After Manny Machado's third walk-off homer of the season gave the Orioles a dramatic 7-6 win over the New York Yankees early Wednesday morning, rookie Trey Mancini looked at the clock in the home clubhouse at Camden Yards with surprise.
"It's 1:13?" he said.
The win was one of the Orioles' most invigorating of the season. They sat through a two-hour, 14-minute delay that postponed the game's first pitch, pecked away at an early 6-1 deficit on the backs of four home runs, received 6 2/3 innings of one-run ball from six relievers and grabbed victory in their final at-bat.
"It's part of the game," Machado said of the Orioles' methodical comeback. "It's part of baseball. We've just got to fight through it, stay with it, not worry about what happened that inning, go ahead and come back to the plate, and chip away, little by little. The next inning we came back and got a run; the next inning we came back and got another one. Little by little, you can't win a game with one at-bat with nobody on."
And after the game, several Orioles players were in no hurry to leave Oriole Park.
Machado and second baseman Jonathan Schoop — who seemed to be competing on the field by each hitting almost-identical homers into the bullpens beyond the left-center-field fence before Machado's second homer of the night won it — were battling in a postgame chess match.
Shortstop Tim Beckham — whose five-pitch walk with two outs in the ninth brought Machado to bat in an important plate appearance that could easily go overlooked — sat at the same table and watched silently.
Outside the Orioles clubhouse, Mark Trumbo — whose 200th career home run, a two-run blast in the sixth inning, made it a one-run game — had just greeted two young fans, up well past their bedtime, who returned his milestone home-run ball to him. Trumbo returned the favor with a pair of autographed baseballs and a smile.
Tuesday's — or rather Wednesday's — win marked the Orioles' 12th walk-off victory of the season, and Machado has been the maestro of the team's late-inning dramatics. The win was his third walk-off hit of the season — all of them home runs and all within the past month.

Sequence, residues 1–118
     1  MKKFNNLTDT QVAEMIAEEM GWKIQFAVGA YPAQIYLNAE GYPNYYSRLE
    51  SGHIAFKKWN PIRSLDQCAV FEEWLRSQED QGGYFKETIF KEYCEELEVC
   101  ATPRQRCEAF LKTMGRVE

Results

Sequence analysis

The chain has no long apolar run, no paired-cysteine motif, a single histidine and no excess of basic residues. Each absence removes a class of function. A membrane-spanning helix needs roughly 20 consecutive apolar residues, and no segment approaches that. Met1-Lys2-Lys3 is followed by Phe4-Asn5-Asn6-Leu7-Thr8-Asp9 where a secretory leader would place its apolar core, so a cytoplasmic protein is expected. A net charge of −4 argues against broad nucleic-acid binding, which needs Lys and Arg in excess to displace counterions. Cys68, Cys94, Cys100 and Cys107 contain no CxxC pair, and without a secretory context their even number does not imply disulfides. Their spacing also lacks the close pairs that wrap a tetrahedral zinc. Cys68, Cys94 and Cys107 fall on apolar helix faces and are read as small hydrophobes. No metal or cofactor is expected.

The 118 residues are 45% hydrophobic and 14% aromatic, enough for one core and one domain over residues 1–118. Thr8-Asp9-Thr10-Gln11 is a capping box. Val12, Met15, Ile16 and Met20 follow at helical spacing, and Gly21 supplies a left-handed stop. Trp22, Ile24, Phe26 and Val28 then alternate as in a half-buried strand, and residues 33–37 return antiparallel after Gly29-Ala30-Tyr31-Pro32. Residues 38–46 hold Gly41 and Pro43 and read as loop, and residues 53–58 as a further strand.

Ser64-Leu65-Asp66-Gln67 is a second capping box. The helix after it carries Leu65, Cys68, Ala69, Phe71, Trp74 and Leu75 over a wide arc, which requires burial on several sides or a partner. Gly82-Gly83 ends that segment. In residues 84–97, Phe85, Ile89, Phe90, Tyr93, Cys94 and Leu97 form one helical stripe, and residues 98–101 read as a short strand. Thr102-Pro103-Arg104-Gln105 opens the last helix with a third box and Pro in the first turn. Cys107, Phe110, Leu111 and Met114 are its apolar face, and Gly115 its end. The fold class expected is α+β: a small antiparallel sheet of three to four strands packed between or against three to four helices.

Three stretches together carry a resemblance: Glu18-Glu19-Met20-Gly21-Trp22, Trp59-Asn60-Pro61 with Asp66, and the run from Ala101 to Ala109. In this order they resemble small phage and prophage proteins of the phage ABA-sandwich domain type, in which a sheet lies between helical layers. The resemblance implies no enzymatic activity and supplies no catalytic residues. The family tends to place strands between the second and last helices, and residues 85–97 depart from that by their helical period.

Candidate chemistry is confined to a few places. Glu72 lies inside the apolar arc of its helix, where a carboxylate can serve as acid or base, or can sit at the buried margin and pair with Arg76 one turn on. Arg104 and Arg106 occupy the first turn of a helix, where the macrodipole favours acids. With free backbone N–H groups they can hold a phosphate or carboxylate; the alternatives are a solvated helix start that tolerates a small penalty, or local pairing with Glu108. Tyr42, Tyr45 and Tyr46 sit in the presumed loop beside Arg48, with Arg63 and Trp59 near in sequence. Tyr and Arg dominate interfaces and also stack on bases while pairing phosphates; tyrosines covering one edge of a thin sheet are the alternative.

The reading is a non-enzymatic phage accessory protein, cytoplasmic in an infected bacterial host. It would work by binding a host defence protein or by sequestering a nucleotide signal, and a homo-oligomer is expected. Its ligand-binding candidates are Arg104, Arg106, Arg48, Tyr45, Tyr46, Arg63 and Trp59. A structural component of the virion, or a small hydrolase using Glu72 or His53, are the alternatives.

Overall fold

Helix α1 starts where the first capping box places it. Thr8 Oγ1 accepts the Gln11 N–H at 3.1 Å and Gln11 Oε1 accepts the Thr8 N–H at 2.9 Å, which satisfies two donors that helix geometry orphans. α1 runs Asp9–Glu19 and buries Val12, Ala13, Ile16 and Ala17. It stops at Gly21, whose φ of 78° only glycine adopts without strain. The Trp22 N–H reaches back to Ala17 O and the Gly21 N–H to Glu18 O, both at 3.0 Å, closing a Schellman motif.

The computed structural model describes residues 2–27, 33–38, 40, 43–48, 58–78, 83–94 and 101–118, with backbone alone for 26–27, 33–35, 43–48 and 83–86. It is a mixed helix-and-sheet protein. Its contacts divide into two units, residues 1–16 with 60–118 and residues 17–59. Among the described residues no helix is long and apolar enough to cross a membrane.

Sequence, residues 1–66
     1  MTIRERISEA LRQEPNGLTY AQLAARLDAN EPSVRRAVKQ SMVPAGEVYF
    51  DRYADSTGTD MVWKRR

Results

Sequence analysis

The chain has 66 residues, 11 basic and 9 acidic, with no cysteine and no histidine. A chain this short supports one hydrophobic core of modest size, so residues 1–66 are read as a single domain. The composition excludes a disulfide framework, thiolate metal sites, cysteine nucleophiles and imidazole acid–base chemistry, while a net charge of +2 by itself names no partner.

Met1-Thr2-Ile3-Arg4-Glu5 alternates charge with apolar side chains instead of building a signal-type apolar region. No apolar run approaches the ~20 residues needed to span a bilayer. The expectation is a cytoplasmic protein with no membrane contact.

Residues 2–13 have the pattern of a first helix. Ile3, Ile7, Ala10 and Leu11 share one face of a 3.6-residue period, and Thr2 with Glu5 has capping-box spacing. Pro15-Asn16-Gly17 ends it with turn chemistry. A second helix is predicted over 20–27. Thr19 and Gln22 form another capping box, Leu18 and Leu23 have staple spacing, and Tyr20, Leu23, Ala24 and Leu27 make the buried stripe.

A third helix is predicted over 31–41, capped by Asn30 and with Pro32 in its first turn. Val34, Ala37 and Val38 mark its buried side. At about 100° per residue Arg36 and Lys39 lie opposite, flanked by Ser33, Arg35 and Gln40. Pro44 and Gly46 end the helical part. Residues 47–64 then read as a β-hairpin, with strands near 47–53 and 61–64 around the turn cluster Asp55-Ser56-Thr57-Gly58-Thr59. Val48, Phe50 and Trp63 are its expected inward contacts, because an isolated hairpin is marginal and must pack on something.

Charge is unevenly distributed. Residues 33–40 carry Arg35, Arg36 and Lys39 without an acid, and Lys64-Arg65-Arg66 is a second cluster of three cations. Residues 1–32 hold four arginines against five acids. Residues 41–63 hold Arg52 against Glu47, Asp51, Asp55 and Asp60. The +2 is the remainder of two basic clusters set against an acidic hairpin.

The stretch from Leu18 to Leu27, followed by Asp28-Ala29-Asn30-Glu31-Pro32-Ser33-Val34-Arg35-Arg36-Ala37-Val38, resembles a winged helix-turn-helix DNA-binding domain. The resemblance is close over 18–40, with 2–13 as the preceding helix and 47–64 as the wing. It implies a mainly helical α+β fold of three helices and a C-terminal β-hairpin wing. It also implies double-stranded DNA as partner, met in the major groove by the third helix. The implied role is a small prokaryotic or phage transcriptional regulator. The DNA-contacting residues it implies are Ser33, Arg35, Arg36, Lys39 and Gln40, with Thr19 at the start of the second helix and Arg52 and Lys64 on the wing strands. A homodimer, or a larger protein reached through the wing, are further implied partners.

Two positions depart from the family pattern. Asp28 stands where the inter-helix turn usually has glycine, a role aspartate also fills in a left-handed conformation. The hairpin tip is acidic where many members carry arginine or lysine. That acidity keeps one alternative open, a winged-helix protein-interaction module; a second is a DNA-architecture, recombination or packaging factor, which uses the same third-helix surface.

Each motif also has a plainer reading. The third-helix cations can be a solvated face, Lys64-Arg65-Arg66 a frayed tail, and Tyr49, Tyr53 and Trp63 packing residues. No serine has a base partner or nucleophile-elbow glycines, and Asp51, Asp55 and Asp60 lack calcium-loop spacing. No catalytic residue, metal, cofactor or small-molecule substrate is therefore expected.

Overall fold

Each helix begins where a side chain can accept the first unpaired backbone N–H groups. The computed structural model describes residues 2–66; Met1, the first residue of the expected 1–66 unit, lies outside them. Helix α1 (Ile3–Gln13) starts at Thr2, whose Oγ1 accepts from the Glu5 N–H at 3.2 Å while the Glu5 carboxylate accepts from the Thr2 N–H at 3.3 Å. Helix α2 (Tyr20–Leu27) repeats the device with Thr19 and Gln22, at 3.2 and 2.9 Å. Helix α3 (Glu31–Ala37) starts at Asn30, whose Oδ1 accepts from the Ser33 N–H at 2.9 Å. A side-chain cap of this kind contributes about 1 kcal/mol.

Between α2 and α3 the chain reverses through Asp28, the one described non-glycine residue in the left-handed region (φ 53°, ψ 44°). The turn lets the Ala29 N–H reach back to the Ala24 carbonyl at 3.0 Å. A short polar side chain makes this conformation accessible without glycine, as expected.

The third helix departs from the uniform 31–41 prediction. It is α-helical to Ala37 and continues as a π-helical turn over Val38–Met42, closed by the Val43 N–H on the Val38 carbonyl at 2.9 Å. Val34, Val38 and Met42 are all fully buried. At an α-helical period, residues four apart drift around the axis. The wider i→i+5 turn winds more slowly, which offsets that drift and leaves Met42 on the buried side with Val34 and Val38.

Machado beat the Oakland Athletics two Wednesdays ago with a walk-off homer in the 12th inning and five days before that erased a two-run deficit on one swing with a game-winning grand slam in the bottom of the ninth in a win over the Los Angeles Angels. That was his third grand slam in an 11-game stretch, which began with another game-winning slam against the Angels on Aug. 7 to kick-start the team's West Coast road trip.
But this win seemed to be the most important, because it came against a Yankees team the Orioles are chasing in the American League wild-card race and in the AL East standings. Three teams from the division made the postseason last year, and the Yankees currently sit in the first AL wild-card spot.
Also, with just 24 games left entering the night, and the Orioles could see from the out-of-town scoreboard in right field that there was an opportunity to gain ground on the Minnesota Twins, who sat in the second wild-card position.
With the win, the Orioles are a game behind the Angels, who now hold the second wild card, and a half-game behind the Twins.
"'It couldn't be a bigger situation," Trumbo said. "This is the time we need stuff like that to happen if it's going to and I think that giving him the chance, we can't pick a better guy to be out there for that.
"It's my favorite [win] of the season, that's no doubt. That's a really good ballclub over there, a ballclub that played us really tough. [Yankees starter] CC [Sabathia] was doing a nice job. … But we stayed with it and the momentum came our way."
The Orioles haven't had much success against New York, losing eight of the first 13 games against the Yankees at home, and they'll be tested again next week at Yankee Stadium, where they've been outscored 44-9 and were swept in four games during their last visit to the Bronx back in June.
Machado has had his struggles against New York this season as well. Even though his most mammoth homer — a 470-foot blast that in April that was the first ball hit over the center-field restaurant at Yankee Stadium — was against New York, he entered Tuesday hitting just .184 against the Yankees.
The Orioles have struggled to build on the momentum created by potentially galvanizing wins like Tuesday's, and now is the time to do so. A win Wednesday will give the Orioles a series win over the Yankees and set the tone for an upcoming road trip to Cleveland, Toronto and New York that could make or break their season.
"We still have 20-something games left. We don't know what's going to happen," Machado said. "The only thing we can control is that we've got Sonny Gray [Wednesday] and we know we've got a tough pitcher we've got to go ahead and try to beat to take the series. That's the only thing that matters, to be honest."